Bridging the gap between genders

Bridging the gap between genders

A quarter of a century ago, Harvard School for boys and Westlake School for girls merged under the founding principle that boys and girls learn better together. Students and parents were, at first, enraged, but when fall came around and it was time to come together, tensions fell to a simmer.

But that is not where this story ends.

Though we share a campus, it sometimes feels as if boys and girls attend different schools. The fact that senior girls felt the need to create their own Girls of 2017 Facebook page to discuss issues important to them is evidence of this. Repeatedly, conversations about gender issues spiral into inflammatory comments that polarized the student body. Whether it’s about Fanatics equally promoting sports of both genders, a La Femme bake sale that brought attention to the wage gap or arguments about whether or not there’s a double standard in our school dress code (see A1 for more details on the policy), male and female students cannot seem to find common ground. Additionally, a feature on C7 highlights how these divisions translate into the classroom.

In her tenure here, Head of School Jeanne Huybrechts has worked to lessen these differences, especially through encouraging gender balance in STEM fields. Even though she is leaving, we must continue to strive towards her goal.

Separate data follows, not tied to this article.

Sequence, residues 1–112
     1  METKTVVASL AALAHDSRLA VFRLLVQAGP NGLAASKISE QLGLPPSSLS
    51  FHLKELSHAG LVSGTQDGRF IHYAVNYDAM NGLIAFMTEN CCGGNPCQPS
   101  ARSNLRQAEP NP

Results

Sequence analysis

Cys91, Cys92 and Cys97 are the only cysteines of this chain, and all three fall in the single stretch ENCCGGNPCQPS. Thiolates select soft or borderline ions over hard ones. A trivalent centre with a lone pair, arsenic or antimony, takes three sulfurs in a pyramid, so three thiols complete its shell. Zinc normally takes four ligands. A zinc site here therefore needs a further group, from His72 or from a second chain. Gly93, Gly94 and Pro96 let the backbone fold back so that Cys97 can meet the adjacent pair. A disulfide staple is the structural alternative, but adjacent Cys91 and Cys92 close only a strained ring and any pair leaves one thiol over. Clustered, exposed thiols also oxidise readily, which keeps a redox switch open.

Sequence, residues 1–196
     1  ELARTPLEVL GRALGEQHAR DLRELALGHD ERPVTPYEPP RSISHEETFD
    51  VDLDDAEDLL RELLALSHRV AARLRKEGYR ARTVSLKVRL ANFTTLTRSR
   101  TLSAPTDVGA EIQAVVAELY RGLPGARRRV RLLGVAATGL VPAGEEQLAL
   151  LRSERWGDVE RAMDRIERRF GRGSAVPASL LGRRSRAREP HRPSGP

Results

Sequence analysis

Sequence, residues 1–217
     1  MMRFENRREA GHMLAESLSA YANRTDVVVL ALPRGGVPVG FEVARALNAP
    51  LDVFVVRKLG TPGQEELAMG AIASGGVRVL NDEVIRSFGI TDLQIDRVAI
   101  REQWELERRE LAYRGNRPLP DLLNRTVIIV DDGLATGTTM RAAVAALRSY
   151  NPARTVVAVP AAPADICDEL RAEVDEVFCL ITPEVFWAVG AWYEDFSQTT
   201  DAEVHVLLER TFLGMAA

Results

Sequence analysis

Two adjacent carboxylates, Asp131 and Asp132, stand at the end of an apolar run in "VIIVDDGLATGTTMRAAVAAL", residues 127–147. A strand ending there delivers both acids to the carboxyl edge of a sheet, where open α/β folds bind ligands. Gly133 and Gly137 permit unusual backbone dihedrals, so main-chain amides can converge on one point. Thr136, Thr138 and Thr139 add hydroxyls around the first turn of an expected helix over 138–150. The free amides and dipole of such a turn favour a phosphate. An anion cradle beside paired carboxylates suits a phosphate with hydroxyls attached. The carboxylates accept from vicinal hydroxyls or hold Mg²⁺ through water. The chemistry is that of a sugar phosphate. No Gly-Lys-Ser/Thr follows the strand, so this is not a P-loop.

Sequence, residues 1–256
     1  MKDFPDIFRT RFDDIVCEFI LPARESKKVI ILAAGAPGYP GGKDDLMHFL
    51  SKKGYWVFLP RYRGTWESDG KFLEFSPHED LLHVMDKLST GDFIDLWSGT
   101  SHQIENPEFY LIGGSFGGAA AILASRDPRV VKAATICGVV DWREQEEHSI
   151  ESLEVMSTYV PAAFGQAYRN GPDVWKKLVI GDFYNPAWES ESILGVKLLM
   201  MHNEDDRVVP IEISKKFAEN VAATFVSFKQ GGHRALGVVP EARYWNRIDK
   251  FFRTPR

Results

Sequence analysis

Next year, all of the school’s administrators will have known the school as Harvard-Westlake and not as Harvard and Westlake. It’s time we start acting unified.

As of press time, the La Femme club was set to hold a town hall meeting Tuesday to discuss the implications of the dress code. This would be a perfect opportunity to have a discussion outside of the sometimes destructive social media environment. We all need to start making a conscious effort to avoid generalizations about gender because they only serve to divide us further.

We all need to forget Facebook comments from a year ago that hurt our feelings and start realizing that everyone makes mistakes, which are often amplified and perpetuated by social media. Boys and girls alike need to be willing to respectfully listen to every idea, even if they don’t agree with it or with the way it was presented.

The administration needs to help us in this struggle and realize that every action they make is amplified by each side and used as fodder. Change should be enacted through the faces we see every day. Our deans and teachers should be used as tools to help us understand why the administration makes certain decisions. We know they are always there to talk, but we should not always be the ones taking the initiative on these matters.

We should see the diversity of ideas at our school as an advantage and a result of our school’s emphasis on free and creative thinking. We should be glad to go to school with people who see things a different way than we do and take every day as a chance to reevaluate our opinions. Our school isn’t a patchwork of ideas, with sharp borders and distinct lines; it is a mosaic with different parts that work together to create one beautiful image: a group of students prepared for life because they have learned from the school and they have learned from each other.

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